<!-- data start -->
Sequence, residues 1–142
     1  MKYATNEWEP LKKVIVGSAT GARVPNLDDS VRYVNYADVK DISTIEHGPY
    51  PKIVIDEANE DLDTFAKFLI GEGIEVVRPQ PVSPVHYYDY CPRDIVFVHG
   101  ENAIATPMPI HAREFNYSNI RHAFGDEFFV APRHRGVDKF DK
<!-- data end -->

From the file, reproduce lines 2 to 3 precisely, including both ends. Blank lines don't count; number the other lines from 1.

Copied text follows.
     1  MKYATNEWEP LKKVIVGSAT GARVPNLDDS VRYVNYADVK DISTIEHGPY
    51  PKIVIDEANE DLDTFAKFLI GEGIEVVRPQ PVSPVHYYDY CPRDIVFVHG